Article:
The mission of IDEA is to reform a broken science. A good deal of that effort is educational. The World Economics Association and its organs are doing yeoman’s work, with members often sacrificing academic careers for intellectual integrity. IDEA will collaborate as much as possible with the economists represented in the WEA, and hopes to bring their work to some underserved constituencies.

The first constituency is a growing group of highly educated people from outside the profession, from mathematics, engineering, climate science, the arts, labor and education. (One could add a contingent from the finance profession, where people deal with serious decisions in the context of an education which did not include many of the situations in which those decisions must be made.) These people realize something is seriously wrong, and economics is it. Often they are time-constrained or simply lack the patience to traverse the minutia and balance the arguments. The second constituency is the new student, who will benefit from an easily understood critique at the outset of his or her training to the extent it prevents credulous acceptance of a one-dimensional curriculum. The third constituency is the general critical-thinking public who accede to the profession an authority it does not deserve, often repressing their own intuitive understanding.

These constituencies are also the targets of several projects, including Econ101R (R for “remediating,” as in remediating the traditional instruction) “A Pundit’s Guide to Economics” (a book-length dash through economics purportedly for the benefit of media talking heads), and materials introducing dynamics in non-math terms, with more in the queue awaiting further development. IDEA also provides connections to the economics and economists represented on our advisory board: Ann Pettifor, Michael Hudson, Edward Fullbrook, Dirk Bezemer and James K. Galbraith.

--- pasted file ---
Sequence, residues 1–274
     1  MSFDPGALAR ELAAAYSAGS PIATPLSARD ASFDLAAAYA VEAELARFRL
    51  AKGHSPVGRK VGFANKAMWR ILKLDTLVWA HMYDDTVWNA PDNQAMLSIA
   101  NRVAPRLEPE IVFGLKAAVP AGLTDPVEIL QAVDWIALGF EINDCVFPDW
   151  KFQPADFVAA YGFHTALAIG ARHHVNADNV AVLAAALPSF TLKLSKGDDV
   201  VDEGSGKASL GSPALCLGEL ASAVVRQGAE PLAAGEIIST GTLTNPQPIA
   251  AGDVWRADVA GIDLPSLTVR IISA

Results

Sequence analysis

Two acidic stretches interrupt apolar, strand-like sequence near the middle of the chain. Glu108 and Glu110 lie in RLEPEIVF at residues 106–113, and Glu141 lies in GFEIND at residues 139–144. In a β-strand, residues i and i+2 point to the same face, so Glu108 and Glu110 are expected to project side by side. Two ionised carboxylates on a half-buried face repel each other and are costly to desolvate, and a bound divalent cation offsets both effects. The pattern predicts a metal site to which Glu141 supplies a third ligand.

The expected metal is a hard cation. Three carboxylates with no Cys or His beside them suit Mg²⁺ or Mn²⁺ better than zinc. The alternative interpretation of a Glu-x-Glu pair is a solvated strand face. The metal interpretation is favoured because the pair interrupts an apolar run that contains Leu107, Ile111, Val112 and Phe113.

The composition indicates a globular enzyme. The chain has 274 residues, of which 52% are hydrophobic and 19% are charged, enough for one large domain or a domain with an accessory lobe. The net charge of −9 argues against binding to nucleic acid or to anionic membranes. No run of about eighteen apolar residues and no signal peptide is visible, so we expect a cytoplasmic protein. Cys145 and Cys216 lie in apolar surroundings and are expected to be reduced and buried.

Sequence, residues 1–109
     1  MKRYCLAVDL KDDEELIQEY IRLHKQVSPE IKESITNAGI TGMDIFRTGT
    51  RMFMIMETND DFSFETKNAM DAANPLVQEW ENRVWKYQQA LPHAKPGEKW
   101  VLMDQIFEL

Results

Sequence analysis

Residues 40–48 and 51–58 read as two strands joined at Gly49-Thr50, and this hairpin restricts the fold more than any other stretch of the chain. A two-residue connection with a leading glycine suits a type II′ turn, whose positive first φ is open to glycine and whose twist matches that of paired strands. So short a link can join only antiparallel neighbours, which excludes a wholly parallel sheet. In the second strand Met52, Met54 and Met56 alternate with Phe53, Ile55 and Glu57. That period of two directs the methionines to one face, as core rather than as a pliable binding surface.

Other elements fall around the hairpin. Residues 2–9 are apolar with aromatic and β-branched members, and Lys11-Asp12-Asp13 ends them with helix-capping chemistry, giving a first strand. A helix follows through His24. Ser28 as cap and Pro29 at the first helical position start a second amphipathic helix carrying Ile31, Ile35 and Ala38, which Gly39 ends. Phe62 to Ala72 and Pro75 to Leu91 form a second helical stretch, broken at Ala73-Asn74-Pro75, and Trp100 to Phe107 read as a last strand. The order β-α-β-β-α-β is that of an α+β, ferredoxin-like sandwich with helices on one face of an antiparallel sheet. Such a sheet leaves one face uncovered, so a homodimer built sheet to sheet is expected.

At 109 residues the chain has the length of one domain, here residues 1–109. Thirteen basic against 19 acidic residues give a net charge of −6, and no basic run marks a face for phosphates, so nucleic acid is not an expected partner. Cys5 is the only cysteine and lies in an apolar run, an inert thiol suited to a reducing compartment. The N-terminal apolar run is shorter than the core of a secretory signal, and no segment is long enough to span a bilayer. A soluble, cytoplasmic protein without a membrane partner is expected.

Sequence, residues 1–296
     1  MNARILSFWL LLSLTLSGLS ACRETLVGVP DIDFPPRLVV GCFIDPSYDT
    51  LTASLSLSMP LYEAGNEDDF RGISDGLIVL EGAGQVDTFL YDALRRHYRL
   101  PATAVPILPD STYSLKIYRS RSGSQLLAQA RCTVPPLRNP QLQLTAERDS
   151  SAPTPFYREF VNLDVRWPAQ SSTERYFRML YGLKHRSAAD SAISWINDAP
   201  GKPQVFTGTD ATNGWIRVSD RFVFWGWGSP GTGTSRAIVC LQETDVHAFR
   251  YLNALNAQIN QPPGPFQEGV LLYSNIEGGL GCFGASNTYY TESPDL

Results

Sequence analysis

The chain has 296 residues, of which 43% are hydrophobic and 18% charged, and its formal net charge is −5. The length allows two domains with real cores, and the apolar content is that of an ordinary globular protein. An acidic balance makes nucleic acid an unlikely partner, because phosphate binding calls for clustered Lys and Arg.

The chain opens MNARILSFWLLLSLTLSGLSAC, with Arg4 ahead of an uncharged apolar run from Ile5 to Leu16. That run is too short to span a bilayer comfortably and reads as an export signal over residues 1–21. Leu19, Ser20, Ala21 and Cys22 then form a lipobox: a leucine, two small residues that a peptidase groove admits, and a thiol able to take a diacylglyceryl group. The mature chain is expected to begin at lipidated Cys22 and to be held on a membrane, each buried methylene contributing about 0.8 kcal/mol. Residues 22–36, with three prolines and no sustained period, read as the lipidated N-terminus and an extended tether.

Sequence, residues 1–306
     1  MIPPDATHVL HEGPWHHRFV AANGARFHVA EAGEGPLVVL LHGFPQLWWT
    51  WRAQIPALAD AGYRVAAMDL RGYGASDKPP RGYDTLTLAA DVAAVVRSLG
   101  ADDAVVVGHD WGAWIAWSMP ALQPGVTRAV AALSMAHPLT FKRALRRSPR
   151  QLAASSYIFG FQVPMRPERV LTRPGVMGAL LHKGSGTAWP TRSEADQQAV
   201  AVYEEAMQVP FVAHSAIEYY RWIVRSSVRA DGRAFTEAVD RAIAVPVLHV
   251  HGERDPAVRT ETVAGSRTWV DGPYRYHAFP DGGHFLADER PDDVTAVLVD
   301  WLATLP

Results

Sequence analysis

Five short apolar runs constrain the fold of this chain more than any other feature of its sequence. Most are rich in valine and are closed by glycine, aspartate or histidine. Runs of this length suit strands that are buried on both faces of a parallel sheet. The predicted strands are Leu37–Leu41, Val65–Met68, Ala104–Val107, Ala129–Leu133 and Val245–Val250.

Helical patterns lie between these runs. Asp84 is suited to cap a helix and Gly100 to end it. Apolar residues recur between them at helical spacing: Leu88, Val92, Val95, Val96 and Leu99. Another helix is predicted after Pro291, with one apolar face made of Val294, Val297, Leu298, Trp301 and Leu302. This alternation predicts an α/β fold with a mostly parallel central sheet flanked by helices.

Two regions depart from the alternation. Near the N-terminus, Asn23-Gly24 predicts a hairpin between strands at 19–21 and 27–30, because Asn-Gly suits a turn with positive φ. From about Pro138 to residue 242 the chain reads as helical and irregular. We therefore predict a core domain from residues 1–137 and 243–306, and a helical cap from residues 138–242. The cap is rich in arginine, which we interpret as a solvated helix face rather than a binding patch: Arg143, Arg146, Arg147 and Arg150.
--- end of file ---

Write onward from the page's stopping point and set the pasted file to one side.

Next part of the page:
To change economics, it is essential to support and collaborate with serious economists doing disciplined analysis. That group is well represented here at the WEA. In IDEA’s case, it is furthered considerably by the theoretical work of Steve Keen and by the analytical tools we are developing and disseminating. But there is no good example of a reform without the participation of a broader, though not necessarily universal, understanding. ) understanding. The orthodoxy will fail as its underpinnings crumble, but that cannot take forever. There is an urgency to current conditions that does not allow complacency. When crisis comes, as we have seen, the opportunity is sometimes brief. When people look for answers, they need to be available within their communities and institutions. IDEA hopes to do its bit in that preparation.


Alan Harvey, Executive Director

      From: p.6 of World Economics Association Newsletter 4(2), April 2014